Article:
In literary fiction the archetypes still exist, but you have more to choose from and they’re far more malleable. Plus, people are willing to tolerate more experimentation and purplish prose in literary fiction (and I mean “purplish” in the best way possible). Genre fiction is meant to be very accessible and sort of shorn of linguistic personality. Even at its best, the prose is supposed to be very workmanlike. The author is supposed to disappear in service of the story.

And that’s where I sometimes get into trouble and where I think my “literary sheen” comes into play. I have trouble staying the hell out of my work. I’m all over the place. I’m not deliberately trying to alienate the reader, but I think both my genre and my literary fiction aren’t designed to lack personality. And this is way, way more of a problem in genre fiction.

TM: Your shelves are filled with books of serious philosophy, European history, literary fiction — for example, the contents of  just one stack include Aristotle’s Poetics, Bataille’s Visions of Excess, Highsmith’s Ripley novels, Graham Greene’s The Ministry of Fear, Fritz Lang’s Interviews, Littell’s The Kindly Ones, Genet’s Querelle, Blanchot’s The Space of Literature, Martin Amis’s House of Meetings, and Peter Gay’s Freud: A Life for Our Times. Even in this fast-paced thriller you’ve dropped in ideas from Cioran and Freud, among others. And you’re probably even better versed in film than you are in literature. Could you talk about the books and films that have most influenced your own writing, and specifically what you channeled for Weaponized?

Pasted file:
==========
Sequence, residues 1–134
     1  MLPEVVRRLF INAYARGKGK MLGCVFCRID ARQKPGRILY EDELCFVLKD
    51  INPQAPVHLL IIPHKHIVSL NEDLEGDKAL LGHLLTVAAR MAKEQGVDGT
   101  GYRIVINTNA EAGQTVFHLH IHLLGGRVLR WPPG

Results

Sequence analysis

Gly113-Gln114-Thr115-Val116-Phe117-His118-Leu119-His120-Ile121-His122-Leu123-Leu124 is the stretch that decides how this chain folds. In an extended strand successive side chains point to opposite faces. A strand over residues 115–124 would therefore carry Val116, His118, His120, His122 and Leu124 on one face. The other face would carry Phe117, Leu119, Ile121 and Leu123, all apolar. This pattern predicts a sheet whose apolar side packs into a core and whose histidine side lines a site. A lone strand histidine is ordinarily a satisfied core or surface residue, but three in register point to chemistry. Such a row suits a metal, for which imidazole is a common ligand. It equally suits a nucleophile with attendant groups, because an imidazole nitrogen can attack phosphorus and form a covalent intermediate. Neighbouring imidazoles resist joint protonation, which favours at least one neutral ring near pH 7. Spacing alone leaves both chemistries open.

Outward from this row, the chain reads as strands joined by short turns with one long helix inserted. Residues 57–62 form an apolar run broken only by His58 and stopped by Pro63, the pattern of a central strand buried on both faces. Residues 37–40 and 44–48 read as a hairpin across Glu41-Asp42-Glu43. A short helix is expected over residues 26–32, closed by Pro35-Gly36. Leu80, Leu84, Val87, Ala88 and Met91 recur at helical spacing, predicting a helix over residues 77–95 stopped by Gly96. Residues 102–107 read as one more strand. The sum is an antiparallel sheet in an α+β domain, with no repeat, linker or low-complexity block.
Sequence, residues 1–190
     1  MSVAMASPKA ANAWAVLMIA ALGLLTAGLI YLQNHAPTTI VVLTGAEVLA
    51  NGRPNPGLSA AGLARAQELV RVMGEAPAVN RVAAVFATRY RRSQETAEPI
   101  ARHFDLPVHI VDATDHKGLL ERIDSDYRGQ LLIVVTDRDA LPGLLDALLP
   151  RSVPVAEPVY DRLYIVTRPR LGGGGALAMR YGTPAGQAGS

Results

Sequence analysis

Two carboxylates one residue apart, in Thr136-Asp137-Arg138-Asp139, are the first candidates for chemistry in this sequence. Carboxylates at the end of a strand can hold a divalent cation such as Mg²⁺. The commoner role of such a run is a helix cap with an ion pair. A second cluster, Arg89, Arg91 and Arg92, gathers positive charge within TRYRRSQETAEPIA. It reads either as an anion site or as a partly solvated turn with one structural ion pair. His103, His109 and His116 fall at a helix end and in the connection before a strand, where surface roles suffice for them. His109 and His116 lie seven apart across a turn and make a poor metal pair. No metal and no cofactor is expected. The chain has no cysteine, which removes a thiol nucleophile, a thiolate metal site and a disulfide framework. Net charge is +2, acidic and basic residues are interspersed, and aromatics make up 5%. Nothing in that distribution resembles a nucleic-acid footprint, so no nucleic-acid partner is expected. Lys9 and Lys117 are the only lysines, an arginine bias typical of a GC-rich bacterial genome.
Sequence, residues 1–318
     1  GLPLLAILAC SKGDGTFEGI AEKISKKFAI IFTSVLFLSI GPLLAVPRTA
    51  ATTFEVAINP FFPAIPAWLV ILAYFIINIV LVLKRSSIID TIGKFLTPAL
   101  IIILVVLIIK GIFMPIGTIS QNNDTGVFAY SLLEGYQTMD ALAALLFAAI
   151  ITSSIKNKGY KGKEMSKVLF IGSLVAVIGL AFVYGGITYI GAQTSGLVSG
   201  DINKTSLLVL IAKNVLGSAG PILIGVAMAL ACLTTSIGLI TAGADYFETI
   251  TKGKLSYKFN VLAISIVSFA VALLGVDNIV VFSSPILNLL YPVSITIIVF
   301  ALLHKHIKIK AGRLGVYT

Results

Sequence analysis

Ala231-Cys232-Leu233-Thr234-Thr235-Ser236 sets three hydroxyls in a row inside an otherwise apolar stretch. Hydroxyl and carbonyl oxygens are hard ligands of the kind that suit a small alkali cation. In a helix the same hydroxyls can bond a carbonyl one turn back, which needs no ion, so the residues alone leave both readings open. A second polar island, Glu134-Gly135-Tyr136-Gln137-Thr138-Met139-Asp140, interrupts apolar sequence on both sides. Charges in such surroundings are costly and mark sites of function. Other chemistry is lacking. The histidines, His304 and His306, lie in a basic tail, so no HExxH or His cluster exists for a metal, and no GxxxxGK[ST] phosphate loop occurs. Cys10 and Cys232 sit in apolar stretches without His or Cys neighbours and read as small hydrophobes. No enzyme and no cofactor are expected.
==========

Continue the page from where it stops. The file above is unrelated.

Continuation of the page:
NM: I’m kind of a sponge. I just look for what fascinates or inspires me, and there’s no plan. There’s no strategy to my reading or my watching. That said, once I decide what I’m going to work on, my reading and watching become very focused. They have to — otherwise I’d never start working. I’d just keep going through the shelves.

Cioran and Freud both spent significant time as exiles, so that was important to me for Kyle in Weaponized. I wanted to draw upon the literature of the exile. So you end up with Highsmith, Conrad, Greene, Hemingway, Duras, and that ilk. They’re all part of the literary DNA of Weaponized.